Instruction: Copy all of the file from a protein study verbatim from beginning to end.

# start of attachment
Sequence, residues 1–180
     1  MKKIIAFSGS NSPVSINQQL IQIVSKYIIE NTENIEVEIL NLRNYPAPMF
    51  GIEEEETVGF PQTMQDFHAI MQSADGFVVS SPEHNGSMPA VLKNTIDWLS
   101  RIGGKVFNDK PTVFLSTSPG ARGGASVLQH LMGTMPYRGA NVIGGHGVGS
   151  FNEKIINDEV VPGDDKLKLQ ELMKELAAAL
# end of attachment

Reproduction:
Sequence, residues 1–180
     1  MKKIIAFSGS NSPVSINQQL IQIVSKYIIE NTENIEVEIL NLRNYPAPMF
    51  GIEEEETVGF PQTMQDFHAI MQSADGFVVS SPEHNGSMPA VLKNTIDWLS
   101  RIGGKVFNDK PTVFLSTSPG ARGGASVLQH LMGTMPYRGA NVIGGHGVGS
   151  FNEKIINDEV VPGDDKLKLQ ELMKELAAAL